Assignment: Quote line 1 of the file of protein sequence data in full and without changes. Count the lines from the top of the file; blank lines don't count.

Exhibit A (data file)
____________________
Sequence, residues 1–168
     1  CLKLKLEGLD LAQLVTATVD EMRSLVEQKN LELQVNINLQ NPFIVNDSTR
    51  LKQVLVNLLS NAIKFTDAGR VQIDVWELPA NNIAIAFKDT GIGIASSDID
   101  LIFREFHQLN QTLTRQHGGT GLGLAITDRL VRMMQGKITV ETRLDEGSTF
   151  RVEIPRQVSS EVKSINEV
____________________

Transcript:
Sequence, residues 1–168